When The Advocate last spoke to him for a September 2002 cover story, Randy Harrison had only finished his second of five seasons as gay teen Justin Taylor in Showtime’s groundbreaking drama Queer as Folk but was already planning an exit strategy. “I sort have this image of myself sort of disappearing for a while and reemerging five to 10 years down the road again,” said Harrison, who was at 24 the youngest out actor on television. It’s been more than four years since the controversial series ended, but the stage vet, who made his Broadway debut as Boq in Wicked, has remained very visible in the theater world. Now 32, Harrison is currently creating a portrait of polarizing pop artist-filmmaker Andy Warhol in the Mark Brokaw-helmed world premiere of POP!, a Factory-set musical by Maggie-Kate Coleman and Anna K. Jacobs, which runs through December 19 at Yale Repertory Theatre in New Haven, Conn. We made the most of 15 more minutes with Harrison, who continues to elevate his “post-gay” position on fame, activism, and sexuality to an art form.
Advocate.com: How familiar were you with Warhol and the Factory before you started working on POP! at Yale Rep?
Randy Harrison: More than most. Near the end of college I was really into the Velvet Underground, which sort of brought me to Warhol. This was back when Kim’s video store was still open in the East Village, so I rented a lot of Warhol’s movies from there, like Lonesome Cowboys. I’m fascinated with him. I admire the fact that he just turned out art and created such challenging work, specifically his movies. I also think he’s funny as hell.
Did you study archival footage and old Warhol interviews to prepare for the role?
I did a bit of that, but I ended up having to drop a lot of it to tell the story. A perfect Warhol imitation doesn’t work for creating a convincing musical theater character. A lot of his real mannerisms weren’t useful, and you can’t really project his real voice and keep sounding like Warhol. He spoke in a monotone with almost no inflection and little enunciation in a flat Midwestern accent, which is completely untheatrical. I have to break into song as Warhol and have it be believable.
But since Warhol was an actual living person, do you feel a responsibility to represent him accurately?
Fortunately, this show is such a different context to put Warhol in, so I don’t necessarily feel the same obligation I would if I were doing Warhol in a film. Mine is a very fictionalized Warhol.
POP! doesn’t directly explore Warhol’s sexuality, but many critics over the years have examined the ways his homosexuality shaped his aesthetic and also posed an obstacle for him to overcome in his career. Some of his contemporaries were angered or intimidated by the frankness of his sexuality in his work, but he refused to butch it up for anyone. Do you relate to that aspect of Warhol’s character?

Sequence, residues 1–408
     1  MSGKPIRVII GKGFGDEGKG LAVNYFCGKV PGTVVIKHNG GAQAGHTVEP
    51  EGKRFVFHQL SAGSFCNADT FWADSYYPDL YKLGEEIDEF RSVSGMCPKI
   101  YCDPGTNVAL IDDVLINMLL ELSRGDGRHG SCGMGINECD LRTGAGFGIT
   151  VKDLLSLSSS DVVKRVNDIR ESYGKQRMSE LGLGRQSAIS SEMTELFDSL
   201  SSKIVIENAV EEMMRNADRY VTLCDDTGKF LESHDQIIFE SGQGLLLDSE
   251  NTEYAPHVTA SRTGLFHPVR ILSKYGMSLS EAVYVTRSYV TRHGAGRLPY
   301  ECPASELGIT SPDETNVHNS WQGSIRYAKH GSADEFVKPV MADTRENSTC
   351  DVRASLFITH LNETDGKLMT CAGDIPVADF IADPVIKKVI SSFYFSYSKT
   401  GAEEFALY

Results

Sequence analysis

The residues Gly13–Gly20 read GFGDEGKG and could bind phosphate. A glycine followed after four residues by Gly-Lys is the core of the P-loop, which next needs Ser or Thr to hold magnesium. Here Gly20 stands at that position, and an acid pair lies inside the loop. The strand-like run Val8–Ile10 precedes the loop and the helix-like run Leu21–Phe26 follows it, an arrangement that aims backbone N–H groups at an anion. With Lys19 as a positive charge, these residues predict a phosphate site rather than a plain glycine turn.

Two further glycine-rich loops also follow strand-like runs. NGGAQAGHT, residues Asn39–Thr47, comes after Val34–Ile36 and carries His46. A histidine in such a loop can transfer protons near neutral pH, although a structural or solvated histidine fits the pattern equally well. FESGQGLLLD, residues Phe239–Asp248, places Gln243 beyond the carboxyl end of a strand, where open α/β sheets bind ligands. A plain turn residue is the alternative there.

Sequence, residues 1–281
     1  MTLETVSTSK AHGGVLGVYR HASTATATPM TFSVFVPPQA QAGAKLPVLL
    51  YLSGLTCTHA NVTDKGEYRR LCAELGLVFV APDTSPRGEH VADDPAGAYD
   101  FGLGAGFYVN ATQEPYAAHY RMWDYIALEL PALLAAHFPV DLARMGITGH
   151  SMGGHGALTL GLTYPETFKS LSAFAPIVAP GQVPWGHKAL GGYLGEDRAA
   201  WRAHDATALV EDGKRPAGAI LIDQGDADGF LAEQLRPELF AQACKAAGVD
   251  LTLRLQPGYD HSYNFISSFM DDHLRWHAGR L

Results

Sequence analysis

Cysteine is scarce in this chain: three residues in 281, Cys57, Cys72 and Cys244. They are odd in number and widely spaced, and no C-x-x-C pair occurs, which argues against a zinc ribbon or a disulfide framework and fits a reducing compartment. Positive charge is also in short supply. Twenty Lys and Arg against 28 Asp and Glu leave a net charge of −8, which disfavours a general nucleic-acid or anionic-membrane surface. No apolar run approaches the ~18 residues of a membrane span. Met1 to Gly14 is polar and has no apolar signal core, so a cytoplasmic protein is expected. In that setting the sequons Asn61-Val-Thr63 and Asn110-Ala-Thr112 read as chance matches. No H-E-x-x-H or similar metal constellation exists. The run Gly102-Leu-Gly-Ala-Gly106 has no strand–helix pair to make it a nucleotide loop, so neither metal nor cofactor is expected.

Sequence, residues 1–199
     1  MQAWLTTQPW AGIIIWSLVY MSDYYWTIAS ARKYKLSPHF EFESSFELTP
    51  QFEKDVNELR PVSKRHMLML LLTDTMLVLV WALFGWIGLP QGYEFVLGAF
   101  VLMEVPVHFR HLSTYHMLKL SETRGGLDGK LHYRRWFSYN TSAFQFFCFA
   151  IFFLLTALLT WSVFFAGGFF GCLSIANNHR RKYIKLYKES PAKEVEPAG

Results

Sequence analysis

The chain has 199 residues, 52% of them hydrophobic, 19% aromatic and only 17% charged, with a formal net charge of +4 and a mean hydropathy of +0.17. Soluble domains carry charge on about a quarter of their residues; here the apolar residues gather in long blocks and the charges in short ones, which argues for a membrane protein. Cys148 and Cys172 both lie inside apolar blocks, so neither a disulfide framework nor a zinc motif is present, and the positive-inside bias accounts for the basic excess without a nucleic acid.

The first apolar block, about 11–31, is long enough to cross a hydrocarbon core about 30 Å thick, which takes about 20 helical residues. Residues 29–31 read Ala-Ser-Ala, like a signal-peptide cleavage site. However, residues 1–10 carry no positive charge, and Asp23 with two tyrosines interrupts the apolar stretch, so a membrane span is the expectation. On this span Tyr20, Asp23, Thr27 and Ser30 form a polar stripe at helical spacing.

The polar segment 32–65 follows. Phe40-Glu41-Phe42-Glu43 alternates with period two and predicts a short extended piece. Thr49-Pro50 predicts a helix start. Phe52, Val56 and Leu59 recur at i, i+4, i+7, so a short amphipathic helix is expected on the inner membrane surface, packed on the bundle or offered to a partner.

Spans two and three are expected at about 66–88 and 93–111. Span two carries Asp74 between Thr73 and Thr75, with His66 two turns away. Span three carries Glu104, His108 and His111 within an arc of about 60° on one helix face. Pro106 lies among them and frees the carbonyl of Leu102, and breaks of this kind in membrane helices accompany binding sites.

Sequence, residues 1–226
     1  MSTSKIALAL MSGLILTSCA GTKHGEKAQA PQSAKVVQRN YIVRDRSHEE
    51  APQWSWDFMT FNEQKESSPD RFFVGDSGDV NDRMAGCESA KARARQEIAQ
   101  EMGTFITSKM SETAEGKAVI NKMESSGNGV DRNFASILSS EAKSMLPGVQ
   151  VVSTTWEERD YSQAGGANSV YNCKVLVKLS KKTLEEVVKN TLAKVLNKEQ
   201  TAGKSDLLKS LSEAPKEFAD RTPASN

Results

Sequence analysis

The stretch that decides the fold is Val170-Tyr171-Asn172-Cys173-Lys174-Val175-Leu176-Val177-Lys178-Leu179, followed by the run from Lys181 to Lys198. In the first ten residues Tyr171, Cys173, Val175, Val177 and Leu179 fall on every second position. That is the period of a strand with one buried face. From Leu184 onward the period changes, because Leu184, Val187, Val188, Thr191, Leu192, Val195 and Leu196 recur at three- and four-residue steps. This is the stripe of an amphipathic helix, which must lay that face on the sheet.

Oh, absolutely. There’s this fascinating book called Pop Out, which is like a queer studies examination of Warhol’s life and career. It’s interesting that Jasper Johns and Bob Rauschenberg were also gay but acted butch, so they wanted nothing to do with Warhol. To me, the most amazing thing about Warhol was that he intentionally played up the “swish” aspect — “swish” being the word that he used — in popism. I have a lot of admiration for that.
When The Advocate interviewed you in 2002, you said that you were scared you might be “perceived as a poster boy for something” because you “never really had any goals of activism.” Considering how much the marriage equality debate has heated up since then, have you found yourself becoming more political?
I always have been political, but I’m political personally and not as a celebrity. I’ll go march in Washington with my friends, but I’m not going to go as Randy Harrison the spokesperson because I’m not comfortable playing that role. But I’m active like any human being should be.
You also told The Advocate, “Besides the fact that I sleep with men, I have very little sense of being part of the community of homosexual people, for whatever reason. I have a group of six friends, two of whom are gay.” Now that you’re in your 30s, do you feel more connected with the gay community? Or, at the very least, have you made more gay friends?
[Laughs] I don’t have any more gay friends! Maybe I feel slightly more connected, but not really. I don’t feel hugely different about it. I’m still not engaged with gay nightlife, but I am a gay person who wants equal rights, so I’m engaged with that. All my friends, straight or gay, are engaged with that.